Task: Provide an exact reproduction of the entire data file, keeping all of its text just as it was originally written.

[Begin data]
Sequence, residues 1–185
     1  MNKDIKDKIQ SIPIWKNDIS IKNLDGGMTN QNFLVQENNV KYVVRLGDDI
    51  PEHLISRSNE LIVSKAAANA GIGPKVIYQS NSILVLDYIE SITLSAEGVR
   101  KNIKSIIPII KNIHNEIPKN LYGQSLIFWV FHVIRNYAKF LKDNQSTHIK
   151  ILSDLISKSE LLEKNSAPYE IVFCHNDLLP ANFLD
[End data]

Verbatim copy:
Sequence, residues 1–185
     1  MNKDIKDKIQ SIPIWKNDIS IKNLDGGMTN QNFLVQENNV KYVVRLGDDI
    51  PEHLISRSNE LIVSKAAANA GIGPKVIYQS NSILVLDYIE SITLSAEGVR
   101  KNIKSIIPII KNIHNEIPKN LYGQSLIFWV FHVIRNYAKF LKDNQSTHIK
   151  ILSDLISKSE LLEKNSAPYE IVFCHNDLLP ANFLD